Should any skier find the picture thus painted too depressing, the answer is to look away...to the north. The report's analysis does not apply everywhere. There is one resort which is sufficiently snow-reliable to enjoy an average of 3.5m of snowfall per season, although its ski area barely reaches 1,500m at the highest point. It is Hemsedal in Norway, whose asset is latitude rather than altitude. That is what its owners plan to exploit. Aware of the problems further south, they intend to expand the resort. So by all means mourn Switzerland's fate; but don't assume that all low-lying ski slopes have an imminent sell-by date.

Stephen Wood travelled with Ski Safari (01273 223680; www.skisafari.com), which offers a week at the Winter Park Mountain Lodge plus flights to Denver and transfers for £599 per person (based on two sharing) if booked before February 10, or £720 at the slopeside Iron Horse Resort. National Sports Center for the Disabled: 001 970 726 1540, www.nscd.org

News
people

Actress sees off speculation about her appearance in an amazing way

Arts and Entertainment
Serge Pizzorno of Kasabian and Noel Fielding backstage at the Teenage Cancer Trust concerts
musicKasabian and Noel Fielding attack 'boring' musicians
Arts and Entertainment
Julianne Moore and Ellen Page are starring together in civil rights drama Freeheld
film
Voices
'Irritatingly Disneyfied': fashion vlogger Zoella
voicesVicky Chandler: Zoella shows us that feminism can come in all forms
PROMOTED VIDEO
Have you tried new the Independent Digital Edition apps?
Travel
ebookHow to enjoy the perfect short break in 20 great cities
News
people

Sport
nflAtlanta Falcons can't count and don't know what the UK looks like
News
i100
Arts and Entertainment
High notes, flat performance: Jake Bugg
music

Review: Despite an uphill climb to see Jake Bugg in action, his performance is notably flat

News
The Putin automaton will go on sale next month in Germany
videoMusical Putin toy showing him annexing Crimea could sell for millions
Independent Travel Videos
Independent Travel Videos
Simon Calder in Amsterdam
Independent Travel Videos
Simon Calder in Giverny
Independent Travel Videos
Simon Calder in St John's
Independent Travel Videos
Latest stories from i100
Have you tried new the Independent Digital Edition apps?
Independent Dating
and  

By clicking 'Search' you
are agreeing to our
Terms of Use.

ES Rentals

    iJobs Job Widget
    iJobs Travel

    SCRUM Master

    £30 - 50k (DOE) + Benefits: Guru Careers: We are seeking a SCRUM Master to joi...

    Franchise Support Assistant

    £13,520: Recruitment Genius: As this role can be customer facing at times, the...

    Financial Controller

    £50000 - £60000 per annum: Sauce Recruitment: A successful entertainment, even...

    Direct Marketing Executive - Offline - SW London

    £25000 - £30000 per annum + benefits: Ashdown Group: A fantastic opportunity h...

    Day In a Page

    Indiana serial killer? Man arrested for murdering teenage prostitute confesses to six other murders - and police fear there could be many more

    A new American serial killer?

    Police fear man arrested for murder of teen prostitute could be responsible for killing spree dating back 20 years
    Sweetie, the fake 10-year-old girl designed to catch online predators, claims her first scalp

    Sting to trap paedophiles may not carry weight in UK courts

    Computer image of ‘Sweetie’ represented entrapment, experts say
    Fukushima nuclear crisis: Evacuees still stuck in cramped emergency housing three years on - and may never return home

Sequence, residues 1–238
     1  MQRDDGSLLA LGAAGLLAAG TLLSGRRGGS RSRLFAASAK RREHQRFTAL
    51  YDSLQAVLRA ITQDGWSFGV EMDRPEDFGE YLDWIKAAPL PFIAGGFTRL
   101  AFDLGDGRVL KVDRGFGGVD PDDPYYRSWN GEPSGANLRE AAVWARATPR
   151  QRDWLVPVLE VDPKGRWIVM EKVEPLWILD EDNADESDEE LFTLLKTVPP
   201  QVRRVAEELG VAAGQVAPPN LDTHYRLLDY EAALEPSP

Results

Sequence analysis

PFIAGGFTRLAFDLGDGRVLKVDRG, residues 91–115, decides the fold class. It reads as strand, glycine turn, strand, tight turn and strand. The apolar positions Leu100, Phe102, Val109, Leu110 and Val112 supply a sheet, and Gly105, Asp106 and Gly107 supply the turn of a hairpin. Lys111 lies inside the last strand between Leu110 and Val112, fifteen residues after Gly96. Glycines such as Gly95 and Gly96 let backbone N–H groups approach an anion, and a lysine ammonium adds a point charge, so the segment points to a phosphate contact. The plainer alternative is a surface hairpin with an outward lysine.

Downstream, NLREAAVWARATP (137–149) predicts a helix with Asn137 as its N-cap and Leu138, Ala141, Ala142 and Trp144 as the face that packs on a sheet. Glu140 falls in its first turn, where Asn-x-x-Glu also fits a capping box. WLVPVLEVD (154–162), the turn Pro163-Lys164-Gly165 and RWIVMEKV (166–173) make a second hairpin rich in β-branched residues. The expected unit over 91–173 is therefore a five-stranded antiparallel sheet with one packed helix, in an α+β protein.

Return to Fukushima – a land they will never call home again

    Evacuees still stuck in cramped emergency housing three years on from nuclear disaster
    Wildlife Photographer of the Year: Intimate image of resting lions claims top prize

    Wildlife Photographer of the Year

    Intimate image of resting lions claims top prize
    Online petitions: Sign here to change the world

    Want to change the world? Just sign here

    The proliferation of online petitions allows us to register our protests at the touch of a button. But do they change anything?
    Ed Sheeran hits back after being labelled too boring to headline festivals

    'You need me, I don’t need you'

    Ed Sheeran hits back after being labelled too boring to headline festivals
    How to Get Away with Murder: Shonda Rhimes reinvents the legal drama

    How to Get Away with Murder

    Shonda Rhimes reinvents the legal drama
    A cup of tea is every worker's right

    Hard to swallow

    Three hospitals in Leicester have banned their staff from drinking tea and coffee in public areas. Christopher Hirst explains why he thinks that a cuppa is every worker's right
    Which animals are nearly extinct?

    Which animals are nearly extinct?

    Conservationists in Kenya are in mourning after the death of a white northern rhino, which has left the species with a single male. These are the other species on the brink
    12 best children's shoes

    Perfect for leaf-kicking: 12 best children's shoes

    Find footwear perfect to keep kids' feet protected this autumn
    Anderlecht vs Arsenal: Gunners' ray of light Aaron Ramsey shines again

    Arsenal’s ray of light ready to shine again

    Aaron Ramsey’s injury record has prompted a club investigation. For now, the midfielder is just happy to be fit to face Anderlecht in the Champions League
    Comment: David Moyes' show of sensitivity thrown back in his face by former Manchester United manager Sir Alex Ferguson

    Moyes’ show of sensitivity thrown back in his face... by Ferguson

    Manchester United legend tramples on successor who resisted criticising his inheritance
    Two super-sized ships have cruised into British waters, but how big can these behemoths get?

    Super-sized ships: How big can they get?

    Two of the largest vessels in the world cruised into UK waters last week
    British doctors on brink of 'cure' for paralysis with spinal cord treatment

    British doctors on brink of cure for paralysis

    Sufferers can now be offered the possibility of cure thanks to a revolutionary implant of regenerative cells
    Ranked seventh in world’s best tourist cities - not London, or Edinburgh, but Salisbury

    Lonely Planet’s Best in Travel 2015

    UK city beats Vienna, Paris and New York to be ranked seventh in world’s best tourist destinations - but it's not London